The Allure of Selling Product over Services

imageA few weeks ago, Peter Monks asked the twitterverse the following question:

Does anyone else think that services companies claiming to be product companies is weird? Seems like a rather difficult pivot to execute.

I agreed that it was a difficult pivot but that it wasn’t weird. In fact, I did it once. Ten years ago, when I was with Infodata System, I transitioned from a consultant to a Product Manager for about two years. My team took the results of a consulting engagement and created the AnnoDoc product. It was an annotation tool, similar to the current Documentum PDF Annotation tool, but with less overhead.

Why did we do it? How did we do it? Why were we successful? Let’s dive in and look.

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How License Costs Impact ECM Platforms

I talked last week how the license commission structure can hurt customers.  There were a LOT of great comments and insights from the product side.  Would love to have customers and consultants chime in on their feelings, but I can’t have everything.

image There were two comments that I wanted to address in more detail.  The first was that money isn’t the only driver of behavior for people.  That is very true.  That said, all else being equal, ask yourself this question: Who will a sales person go talk to first? The company that will help land a commission and meet quota, or an existing customer?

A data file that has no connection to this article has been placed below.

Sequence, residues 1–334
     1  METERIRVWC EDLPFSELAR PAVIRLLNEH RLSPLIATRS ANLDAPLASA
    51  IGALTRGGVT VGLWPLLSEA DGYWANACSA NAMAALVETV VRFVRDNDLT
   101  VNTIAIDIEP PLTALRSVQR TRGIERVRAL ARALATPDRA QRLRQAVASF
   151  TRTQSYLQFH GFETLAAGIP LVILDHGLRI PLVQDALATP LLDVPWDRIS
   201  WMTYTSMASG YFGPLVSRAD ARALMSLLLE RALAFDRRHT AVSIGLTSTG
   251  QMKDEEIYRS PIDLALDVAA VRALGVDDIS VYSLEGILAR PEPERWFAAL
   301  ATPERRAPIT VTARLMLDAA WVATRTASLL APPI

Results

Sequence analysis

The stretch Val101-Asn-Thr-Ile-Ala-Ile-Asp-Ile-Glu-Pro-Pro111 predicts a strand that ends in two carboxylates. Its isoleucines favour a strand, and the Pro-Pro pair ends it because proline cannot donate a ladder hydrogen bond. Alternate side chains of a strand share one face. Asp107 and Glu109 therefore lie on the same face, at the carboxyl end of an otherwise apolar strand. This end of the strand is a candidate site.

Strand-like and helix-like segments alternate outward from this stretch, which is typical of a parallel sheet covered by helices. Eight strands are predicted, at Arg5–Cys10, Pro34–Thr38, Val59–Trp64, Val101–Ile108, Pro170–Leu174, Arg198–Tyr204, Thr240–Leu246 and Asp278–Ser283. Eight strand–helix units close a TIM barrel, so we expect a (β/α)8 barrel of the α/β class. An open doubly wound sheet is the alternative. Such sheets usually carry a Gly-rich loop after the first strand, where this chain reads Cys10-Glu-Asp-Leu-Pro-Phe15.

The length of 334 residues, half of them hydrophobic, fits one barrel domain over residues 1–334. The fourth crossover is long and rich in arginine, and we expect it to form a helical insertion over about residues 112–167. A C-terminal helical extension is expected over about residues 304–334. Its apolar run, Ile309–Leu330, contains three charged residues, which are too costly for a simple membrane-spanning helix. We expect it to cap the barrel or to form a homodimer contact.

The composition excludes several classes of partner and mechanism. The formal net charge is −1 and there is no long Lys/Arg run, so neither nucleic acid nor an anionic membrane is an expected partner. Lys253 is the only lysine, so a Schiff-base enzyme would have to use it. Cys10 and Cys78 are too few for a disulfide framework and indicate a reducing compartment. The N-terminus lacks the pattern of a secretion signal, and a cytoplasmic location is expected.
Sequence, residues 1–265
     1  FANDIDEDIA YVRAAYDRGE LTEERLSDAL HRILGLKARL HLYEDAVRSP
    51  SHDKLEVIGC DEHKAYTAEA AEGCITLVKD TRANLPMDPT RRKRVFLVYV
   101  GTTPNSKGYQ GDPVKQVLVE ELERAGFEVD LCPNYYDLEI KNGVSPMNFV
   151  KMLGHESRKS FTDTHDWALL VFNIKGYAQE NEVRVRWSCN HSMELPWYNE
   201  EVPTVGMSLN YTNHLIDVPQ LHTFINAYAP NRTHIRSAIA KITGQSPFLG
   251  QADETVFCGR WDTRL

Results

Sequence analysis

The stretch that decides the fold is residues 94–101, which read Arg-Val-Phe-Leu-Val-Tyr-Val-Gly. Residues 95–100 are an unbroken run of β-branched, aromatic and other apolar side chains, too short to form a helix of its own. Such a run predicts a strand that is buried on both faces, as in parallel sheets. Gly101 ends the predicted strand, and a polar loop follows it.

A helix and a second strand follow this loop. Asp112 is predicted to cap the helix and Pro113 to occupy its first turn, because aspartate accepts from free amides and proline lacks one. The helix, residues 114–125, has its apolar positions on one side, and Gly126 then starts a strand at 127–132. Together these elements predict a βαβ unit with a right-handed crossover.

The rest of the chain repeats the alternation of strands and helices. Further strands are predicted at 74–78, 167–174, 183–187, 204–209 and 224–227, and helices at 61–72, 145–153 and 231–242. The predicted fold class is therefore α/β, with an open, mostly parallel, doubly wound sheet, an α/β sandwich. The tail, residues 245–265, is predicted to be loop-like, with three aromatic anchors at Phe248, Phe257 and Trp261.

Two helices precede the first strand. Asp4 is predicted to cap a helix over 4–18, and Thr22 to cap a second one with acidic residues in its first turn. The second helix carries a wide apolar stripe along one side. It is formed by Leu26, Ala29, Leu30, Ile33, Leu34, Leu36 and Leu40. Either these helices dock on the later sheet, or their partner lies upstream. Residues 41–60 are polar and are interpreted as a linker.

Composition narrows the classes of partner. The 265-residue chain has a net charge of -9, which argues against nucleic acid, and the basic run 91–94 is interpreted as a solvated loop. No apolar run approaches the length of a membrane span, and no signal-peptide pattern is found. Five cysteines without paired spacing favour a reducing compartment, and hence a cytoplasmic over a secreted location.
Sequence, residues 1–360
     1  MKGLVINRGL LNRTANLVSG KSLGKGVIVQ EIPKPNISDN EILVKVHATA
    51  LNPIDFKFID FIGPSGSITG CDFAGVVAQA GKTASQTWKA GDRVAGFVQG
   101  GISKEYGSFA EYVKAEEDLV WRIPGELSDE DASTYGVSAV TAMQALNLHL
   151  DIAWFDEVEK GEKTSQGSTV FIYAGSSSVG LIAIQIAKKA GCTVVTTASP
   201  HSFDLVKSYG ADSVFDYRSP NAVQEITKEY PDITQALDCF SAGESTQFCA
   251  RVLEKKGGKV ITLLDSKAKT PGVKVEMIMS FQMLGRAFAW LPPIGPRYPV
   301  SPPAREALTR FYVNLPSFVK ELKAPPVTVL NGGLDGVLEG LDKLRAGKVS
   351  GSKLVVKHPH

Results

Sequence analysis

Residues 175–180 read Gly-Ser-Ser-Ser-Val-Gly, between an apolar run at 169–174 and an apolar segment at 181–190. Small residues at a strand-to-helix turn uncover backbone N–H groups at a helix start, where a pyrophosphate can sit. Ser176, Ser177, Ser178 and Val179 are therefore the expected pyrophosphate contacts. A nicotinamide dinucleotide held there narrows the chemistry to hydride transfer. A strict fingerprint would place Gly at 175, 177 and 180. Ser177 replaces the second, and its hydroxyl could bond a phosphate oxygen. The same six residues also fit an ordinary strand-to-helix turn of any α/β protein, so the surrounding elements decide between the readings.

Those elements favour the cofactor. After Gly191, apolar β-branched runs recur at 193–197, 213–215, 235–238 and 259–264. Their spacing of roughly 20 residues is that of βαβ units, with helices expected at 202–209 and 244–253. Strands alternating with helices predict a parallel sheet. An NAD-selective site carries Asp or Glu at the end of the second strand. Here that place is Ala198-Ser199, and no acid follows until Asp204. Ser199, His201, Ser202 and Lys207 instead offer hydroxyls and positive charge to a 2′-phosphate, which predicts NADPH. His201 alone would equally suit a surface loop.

The fact that money is not the sole motivator of behavior is not something to just be dismissed, but neither can the impact cannot be discounted.  The very existence of financial incentives will impact behavior.  Let’s face it, when those incentives aren’t earned by an employee, those details show up in a performance review.

Now that I’ve thrown some debate points out there, let’s dive into the details of this post.

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Secure ECM Systems

In my earlier post, I called James out on his post, which was a fairly biased statement about EMC’s testing for security, or lack thereof. In my post, I pointed out that the security warning did not warrant such an attack. I tried to point out that James wasn’t necessarily wrong in his statements, just that he didn’t provide any evidence that backed them up. He criticized their proactive efforts when the source material calls for a reactive effort.

Well, James replied to me in two subsequent posts. The first post endeavored to teach me about the importance of testing for security in systems proactively. It wasn’t a lesson that I needed, having heard of the SQL Injection attack back in the 90s as a weakness in ASP applications (or at least an attack that was fairly similar). Being aware of these issues, I’ve make a point of controlling what a user can do in interfaces.

His points are valid though, so I wanted to take time to talk about them. This is my first post in a series addressing the points he brings up. So if I don’t address something now, don’t worry it’ll come.

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